Make tasks changes backward compatible, like APIs.
Ideally, don’t update tasks. But if you have to, make sure:
- Do not rename.
- New args have default values
- Removed args remain as no-op args
If you can’t do the above, create a new task like
some_task_v2- similar to versioning APIs.
Django-celery-results is a time bomb
I’m sure this was made with the best of intentions but this serves little practical purpose in production. Worse, it does a lot of harm.
Storing task results in a centralized location (like SQL) defeats the fundamental tenet of celery: a distributed task queue.
Within a few months of use, Task results were taking up 90% of our SQL storage, the django admin page didn’t open (because the SQL statements would time out).
Standard logging is a much better solution for any of your debugging needs.
In general, no need to store task results in any backend (even though celery provides this feature). By default the celery will log task results.
Pro tip: Log task params, in addition to task name
The code to achieve it is wicked simple. Django example: in
settings.py add the following
You unit test your code right? If not, I highly recommend Test Driven Development.
I couldn’t find much online, so I came up with a simple framework to unit test celery tasks. We need to test 2 parts:
1. Task invocation
Here, we test that the task is triggered appropriately. For this, we need to mock the actual celery invocation.
@patch is very handy here (ref). If we patch a method (either in the class or function), we get a new function arg with the mocked object. Then we can assert the function call args:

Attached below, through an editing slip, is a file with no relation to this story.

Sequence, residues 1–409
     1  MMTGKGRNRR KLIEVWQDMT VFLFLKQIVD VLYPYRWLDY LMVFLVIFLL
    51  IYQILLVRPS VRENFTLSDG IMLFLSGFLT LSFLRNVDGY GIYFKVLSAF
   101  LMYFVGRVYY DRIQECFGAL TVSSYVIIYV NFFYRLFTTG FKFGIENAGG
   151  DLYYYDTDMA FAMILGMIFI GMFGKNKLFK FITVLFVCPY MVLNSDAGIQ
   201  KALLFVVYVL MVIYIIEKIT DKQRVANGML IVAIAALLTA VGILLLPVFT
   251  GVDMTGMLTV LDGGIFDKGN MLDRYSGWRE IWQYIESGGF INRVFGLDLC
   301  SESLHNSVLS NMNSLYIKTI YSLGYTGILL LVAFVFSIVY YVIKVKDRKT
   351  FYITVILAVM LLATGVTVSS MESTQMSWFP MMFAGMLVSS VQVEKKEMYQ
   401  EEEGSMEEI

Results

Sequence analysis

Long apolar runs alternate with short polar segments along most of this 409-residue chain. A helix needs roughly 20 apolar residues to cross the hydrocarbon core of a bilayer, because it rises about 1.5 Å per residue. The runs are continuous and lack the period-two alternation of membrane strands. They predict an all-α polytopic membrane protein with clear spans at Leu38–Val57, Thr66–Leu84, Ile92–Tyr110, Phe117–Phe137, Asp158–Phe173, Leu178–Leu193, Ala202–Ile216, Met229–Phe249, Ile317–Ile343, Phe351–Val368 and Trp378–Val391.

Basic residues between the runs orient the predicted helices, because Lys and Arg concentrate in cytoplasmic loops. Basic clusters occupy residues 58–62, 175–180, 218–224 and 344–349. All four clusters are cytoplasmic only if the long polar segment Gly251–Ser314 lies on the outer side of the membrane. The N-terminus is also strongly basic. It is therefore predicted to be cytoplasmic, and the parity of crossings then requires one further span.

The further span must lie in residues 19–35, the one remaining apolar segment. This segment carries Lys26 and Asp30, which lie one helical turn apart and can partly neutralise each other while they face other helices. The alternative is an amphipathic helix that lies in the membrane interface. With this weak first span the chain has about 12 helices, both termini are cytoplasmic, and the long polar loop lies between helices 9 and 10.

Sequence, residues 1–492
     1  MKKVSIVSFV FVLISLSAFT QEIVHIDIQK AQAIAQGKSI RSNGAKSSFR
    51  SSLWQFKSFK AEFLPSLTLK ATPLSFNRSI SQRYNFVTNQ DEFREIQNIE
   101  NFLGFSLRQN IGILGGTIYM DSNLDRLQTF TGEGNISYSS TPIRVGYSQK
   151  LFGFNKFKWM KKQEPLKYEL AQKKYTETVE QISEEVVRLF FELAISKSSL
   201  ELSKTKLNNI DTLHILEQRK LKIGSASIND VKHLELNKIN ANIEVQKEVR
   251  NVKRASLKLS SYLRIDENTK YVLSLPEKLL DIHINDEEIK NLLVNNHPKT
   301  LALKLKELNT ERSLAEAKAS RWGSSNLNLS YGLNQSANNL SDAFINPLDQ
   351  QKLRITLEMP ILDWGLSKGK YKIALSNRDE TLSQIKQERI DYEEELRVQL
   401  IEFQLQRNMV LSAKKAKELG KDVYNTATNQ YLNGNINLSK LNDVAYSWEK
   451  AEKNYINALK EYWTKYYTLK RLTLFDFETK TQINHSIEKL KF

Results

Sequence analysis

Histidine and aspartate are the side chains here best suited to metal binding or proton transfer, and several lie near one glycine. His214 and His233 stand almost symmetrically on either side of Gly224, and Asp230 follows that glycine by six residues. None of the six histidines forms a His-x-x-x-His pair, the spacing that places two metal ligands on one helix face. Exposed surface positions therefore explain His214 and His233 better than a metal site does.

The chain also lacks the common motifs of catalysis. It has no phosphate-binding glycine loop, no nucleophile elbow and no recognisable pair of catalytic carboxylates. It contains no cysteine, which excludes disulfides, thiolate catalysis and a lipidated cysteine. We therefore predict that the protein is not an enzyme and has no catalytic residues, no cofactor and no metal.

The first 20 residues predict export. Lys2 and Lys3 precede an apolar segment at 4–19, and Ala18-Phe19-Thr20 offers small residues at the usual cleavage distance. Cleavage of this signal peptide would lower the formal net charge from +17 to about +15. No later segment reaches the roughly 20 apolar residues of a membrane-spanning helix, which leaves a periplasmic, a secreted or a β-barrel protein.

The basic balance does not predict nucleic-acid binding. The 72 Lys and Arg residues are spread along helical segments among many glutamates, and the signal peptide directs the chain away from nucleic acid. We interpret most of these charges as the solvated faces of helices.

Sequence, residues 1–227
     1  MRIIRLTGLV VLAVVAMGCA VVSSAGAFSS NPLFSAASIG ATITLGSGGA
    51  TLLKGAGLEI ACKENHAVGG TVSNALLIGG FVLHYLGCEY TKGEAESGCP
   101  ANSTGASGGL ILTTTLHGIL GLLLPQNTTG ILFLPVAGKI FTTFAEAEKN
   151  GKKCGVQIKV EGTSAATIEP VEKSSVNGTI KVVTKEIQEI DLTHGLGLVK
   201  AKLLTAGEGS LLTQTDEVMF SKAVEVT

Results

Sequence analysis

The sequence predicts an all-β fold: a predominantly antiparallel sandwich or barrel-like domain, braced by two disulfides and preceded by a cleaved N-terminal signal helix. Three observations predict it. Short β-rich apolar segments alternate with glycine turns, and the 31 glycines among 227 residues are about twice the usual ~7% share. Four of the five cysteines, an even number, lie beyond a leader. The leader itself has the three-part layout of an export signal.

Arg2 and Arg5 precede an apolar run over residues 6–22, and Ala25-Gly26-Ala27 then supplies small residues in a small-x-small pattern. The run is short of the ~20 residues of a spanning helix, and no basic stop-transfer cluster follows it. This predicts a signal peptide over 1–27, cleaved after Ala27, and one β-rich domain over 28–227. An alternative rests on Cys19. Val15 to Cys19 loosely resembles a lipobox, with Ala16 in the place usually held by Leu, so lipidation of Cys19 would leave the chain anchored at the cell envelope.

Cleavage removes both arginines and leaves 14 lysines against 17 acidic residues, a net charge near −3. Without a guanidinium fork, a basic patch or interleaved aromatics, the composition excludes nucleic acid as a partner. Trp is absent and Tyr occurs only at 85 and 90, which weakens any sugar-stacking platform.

2. Task execution
Now we need to test that the task runs as per the arguments provided. This is one more straightforward, we call the task method directly and assert its side effects.
Ignore celery tasks in the test suite
After some heartache of the test suite failing sporadically- locally or in the CI, I figured we should ignore celery task creation in the unit test suite. One way to do it is to create a fake celery broker in the test environment:
Scaling up 🚀
So far, I talked about issues that come with having more code, not necessarily more traffic. Time to scale up! Scale challenges are always nice problems to have.
Not all tasks are created equal. Some tasks (that sync data to ES, or send OTPs) are much higher in priority than others. Putting these on a separate queue makes sure that dedicated consumers can consume these time-sensitive tasks.
Often these tasks would get delayed because of a larger backlog lower priority tasks.
Often certain tasks would get stuck while executing. We always wrote perfect code but the downstream dependencies would take too long to respond. Okay I’m kidding- we too pushed bad code. In any case, 1 “bad” task would affect the other “good” tasks. This couldn’t scale.
Solution: Use different Queues
Celery has the feature of having multiple queues. Different consumers consume from one or more queues. By default, a consumer only consumers from the
celery (default) queue.
It isn’t obvious initially, why wouldn’t anyone bother to have multiple queues? But once we started facing prioritisation and isolation issues, the answer become painfully obvious.